Only the first sentence is an example of a comma splice. If and, or another conjunction, were used instead of the comma (or, stylistically, possibly along with it), it would no longer be a comma splice. Alternatively, of course, you could use a semicolon, period, or dash instead of a comma, negating the need for a conjunction at all.
Both the second and third sentences give three items that are separated by a comma, with and being used after the second comma. This is correct usage.
However, while not being an example of a comma splice, the second sentence does have a couple of stylistic issue:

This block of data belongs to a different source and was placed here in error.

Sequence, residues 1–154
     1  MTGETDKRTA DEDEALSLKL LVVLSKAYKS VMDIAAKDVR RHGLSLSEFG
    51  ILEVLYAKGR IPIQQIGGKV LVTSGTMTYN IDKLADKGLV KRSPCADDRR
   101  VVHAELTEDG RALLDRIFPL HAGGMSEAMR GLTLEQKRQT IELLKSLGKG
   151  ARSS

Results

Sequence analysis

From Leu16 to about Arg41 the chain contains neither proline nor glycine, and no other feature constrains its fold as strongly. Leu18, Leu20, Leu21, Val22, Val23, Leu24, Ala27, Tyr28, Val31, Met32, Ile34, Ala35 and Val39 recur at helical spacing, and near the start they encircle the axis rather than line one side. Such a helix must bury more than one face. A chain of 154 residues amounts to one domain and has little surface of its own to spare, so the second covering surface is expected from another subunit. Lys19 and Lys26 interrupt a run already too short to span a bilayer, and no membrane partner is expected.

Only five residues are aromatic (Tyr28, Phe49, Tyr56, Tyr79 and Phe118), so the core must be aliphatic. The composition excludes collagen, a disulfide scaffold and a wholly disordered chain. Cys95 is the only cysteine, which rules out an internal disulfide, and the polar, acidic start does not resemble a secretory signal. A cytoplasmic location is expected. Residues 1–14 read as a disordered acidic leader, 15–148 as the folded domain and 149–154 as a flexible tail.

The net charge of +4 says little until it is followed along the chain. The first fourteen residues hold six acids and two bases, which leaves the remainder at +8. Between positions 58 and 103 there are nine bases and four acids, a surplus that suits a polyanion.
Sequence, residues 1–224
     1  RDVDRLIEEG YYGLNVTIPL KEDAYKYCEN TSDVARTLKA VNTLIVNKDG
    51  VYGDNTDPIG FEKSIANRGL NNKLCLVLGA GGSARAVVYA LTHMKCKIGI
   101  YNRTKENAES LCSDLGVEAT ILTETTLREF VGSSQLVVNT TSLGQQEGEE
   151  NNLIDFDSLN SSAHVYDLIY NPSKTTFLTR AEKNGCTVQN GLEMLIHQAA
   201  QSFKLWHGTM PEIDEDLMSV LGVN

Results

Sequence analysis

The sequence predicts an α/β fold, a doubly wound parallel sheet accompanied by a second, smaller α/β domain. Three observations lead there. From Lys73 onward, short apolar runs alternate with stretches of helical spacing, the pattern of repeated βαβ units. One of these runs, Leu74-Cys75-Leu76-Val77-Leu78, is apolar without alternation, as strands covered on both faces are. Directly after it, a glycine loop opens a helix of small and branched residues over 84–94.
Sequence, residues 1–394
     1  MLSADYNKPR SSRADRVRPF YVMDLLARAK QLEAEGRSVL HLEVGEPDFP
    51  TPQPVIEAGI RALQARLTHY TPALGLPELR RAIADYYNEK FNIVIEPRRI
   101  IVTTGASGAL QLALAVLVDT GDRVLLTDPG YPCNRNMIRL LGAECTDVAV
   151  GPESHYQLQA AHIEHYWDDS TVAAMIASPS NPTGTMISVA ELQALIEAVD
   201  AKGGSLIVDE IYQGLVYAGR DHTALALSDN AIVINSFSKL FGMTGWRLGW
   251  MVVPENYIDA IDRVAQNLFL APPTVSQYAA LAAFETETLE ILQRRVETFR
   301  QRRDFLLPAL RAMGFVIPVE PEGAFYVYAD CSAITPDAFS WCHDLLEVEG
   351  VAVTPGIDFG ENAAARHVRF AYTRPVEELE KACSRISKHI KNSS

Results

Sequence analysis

To service the service of others is strange phrasing, and would normally be rewritten as in the service of others.
*The difference in tenses between the three items is unusual. Although it may be that he has since stopped dedicating his life to others, it looks odd to jump from present to past to present. Ideally, it should be rephrased to prevent that. However, that's not a comma splice issue.